As a child brought up in an Old Roman Catholic family, though my mother had a first prize for piano of the Conservatoire de Paris and we all learned to play piano at home, this was only to be for personal entertainment in the house circle.
When I gave a voice of my wishes to become a ‘musical star’ I soon felt the slap in my face to bring me on other thoughts. My artistic choice would bring me in a big patriarchal battle and even when I got older, but not being considered an adult yet by law (at that time still 21 years), I missed some very nice contracts with major companies, because my father did not want to sign the contract.
Next to my artistic choice there was the difficulty I had in the Catholic Church with all their worshipping of statues and different so called holy figures. Already as a six year old boy I made it the priest very difficult with my questions about the Holy Trinity and about the many actions I noticed in church which looked more like pagan worship than like, described in the Bible, the way it was we should do.
As an acolyte I was very active in the Catholic Church but did not find my thing in it and with the priest I felt best at ease for the way he did mass, my father did not like those services at all because they looked to protestant for him.
Also the sorts of music and music instruments which were allowed where often subject of debate. After some years of church shopping I became a non trinitarian Baptist and enjoyed the free spirit, the singing and ‘yes’ the ‘dancing‘. There song and dance was not considered something of the ‘devil’ like in the Old Roman Catholic Church.
But when the Southern Baptist Church Union won ground all over the world and many non-trinitarian Baptists felt pushed in a corner, many left the Baptists to go by other non-trinitarian groups. For a long time I wanted to be faithful to those many Baptists who had been killed for their belief in Only One God. But the presentation of more trinitarian Baptists made it impossible for people not associating me with such a trinitarian organisation, so I also had to follow the thousands of ex-Baptists and go to an other denomination.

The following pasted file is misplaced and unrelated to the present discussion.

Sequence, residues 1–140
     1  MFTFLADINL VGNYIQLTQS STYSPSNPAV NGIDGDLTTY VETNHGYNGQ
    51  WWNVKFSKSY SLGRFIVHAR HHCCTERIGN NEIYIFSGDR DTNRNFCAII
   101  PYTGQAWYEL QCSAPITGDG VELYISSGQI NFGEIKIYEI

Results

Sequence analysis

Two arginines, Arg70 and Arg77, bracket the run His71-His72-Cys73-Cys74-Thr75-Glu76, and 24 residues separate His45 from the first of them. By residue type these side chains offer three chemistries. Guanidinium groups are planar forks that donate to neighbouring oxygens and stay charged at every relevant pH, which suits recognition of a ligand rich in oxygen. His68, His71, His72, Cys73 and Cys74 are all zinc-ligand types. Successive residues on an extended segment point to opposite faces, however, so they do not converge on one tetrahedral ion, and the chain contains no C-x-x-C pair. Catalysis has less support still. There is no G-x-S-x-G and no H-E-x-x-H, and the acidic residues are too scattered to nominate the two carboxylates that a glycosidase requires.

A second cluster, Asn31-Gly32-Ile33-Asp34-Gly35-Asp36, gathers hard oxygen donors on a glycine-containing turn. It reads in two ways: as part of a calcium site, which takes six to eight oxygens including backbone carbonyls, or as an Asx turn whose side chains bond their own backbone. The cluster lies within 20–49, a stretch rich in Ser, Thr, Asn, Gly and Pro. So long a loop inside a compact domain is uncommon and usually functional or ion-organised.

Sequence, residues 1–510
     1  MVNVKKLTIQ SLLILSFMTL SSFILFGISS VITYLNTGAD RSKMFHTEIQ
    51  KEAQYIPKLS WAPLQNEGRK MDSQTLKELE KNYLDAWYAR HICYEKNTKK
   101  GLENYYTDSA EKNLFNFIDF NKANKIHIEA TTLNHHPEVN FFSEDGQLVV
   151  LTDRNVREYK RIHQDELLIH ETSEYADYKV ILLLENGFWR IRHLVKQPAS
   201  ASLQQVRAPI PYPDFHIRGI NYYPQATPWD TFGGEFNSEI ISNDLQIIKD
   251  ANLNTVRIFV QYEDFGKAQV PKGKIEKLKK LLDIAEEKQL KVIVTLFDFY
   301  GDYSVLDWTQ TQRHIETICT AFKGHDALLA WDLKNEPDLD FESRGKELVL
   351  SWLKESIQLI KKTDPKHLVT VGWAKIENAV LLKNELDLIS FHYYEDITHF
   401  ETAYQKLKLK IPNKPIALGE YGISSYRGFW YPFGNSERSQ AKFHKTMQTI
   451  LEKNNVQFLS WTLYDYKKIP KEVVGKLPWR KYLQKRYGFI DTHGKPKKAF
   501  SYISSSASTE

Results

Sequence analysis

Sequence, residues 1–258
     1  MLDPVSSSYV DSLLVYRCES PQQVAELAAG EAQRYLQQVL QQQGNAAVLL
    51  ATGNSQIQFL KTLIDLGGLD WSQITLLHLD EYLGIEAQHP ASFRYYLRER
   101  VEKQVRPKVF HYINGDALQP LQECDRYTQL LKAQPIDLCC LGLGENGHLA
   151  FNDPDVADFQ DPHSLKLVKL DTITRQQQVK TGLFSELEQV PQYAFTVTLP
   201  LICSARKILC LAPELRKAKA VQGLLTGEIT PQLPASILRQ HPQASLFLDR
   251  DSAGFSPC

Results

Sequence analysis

In those many non-trinitarian groups I again encountered people who were against their members having a job in the theatre or show business. But like in the many trinitarian groups people can find different opinions in one and the same denomination. So also in the denomination were the people believed the same things I could find in the Bible, which we should follow and believe.
Though I must confess I miss the joyful singing and dancing we had at our Baptist services. It would take years before certain attitudes can be changed.
Concerning dancing outside the ecclesia or church there is no problem by lots of Christadelphians. I do agree like in any denomination you shall be able to find more conservative or more fundamentalist groups. But even in the for some ‘conservative England‘ and in the United States of America Christadelphian Care offers dancing to the elderly.
In the States you may find people who bring more health to others with the art of movement.
For 35 years, dance and movement therapist Donna Newman-Bluestein has gone into classrooms and institutional settings to spread the joy of movement. She sings and two-steps, greets everyone by name, shaking hands. Newman-Bluestein’s dance engagement is not just fun for cognitively-impaired seniors she works with, but provides physical therapy. Newman-Bluestein is a senior lecturer in Lesley University’s graduate school, a performer with the intergenerational dance company Back Pocket Dancers, and the spokeswoman for the American Dance Therapy Association.
You may find an interview with her at: Engaging patients through dance, movement.
She wants to rouse the people around her because human beings are meant to move.
Once a person’s moving, the more they want to move, getting the circulation and respiration going, building flexibility, strength and moving the lymph system, which is the house of our immune system. Hormones are released, new neuronal pathways are built.
In many cultures there have been different periods how people looked at the use of sound and movement.
As Teegan Clark writes:
Since the ancient times the people tabooed this or that sound sequence, musical instrument or song. Of course the taboos of various epochs were defined by the whole variety of social factors, since accepting the sounds as music is the purely social phenomenon.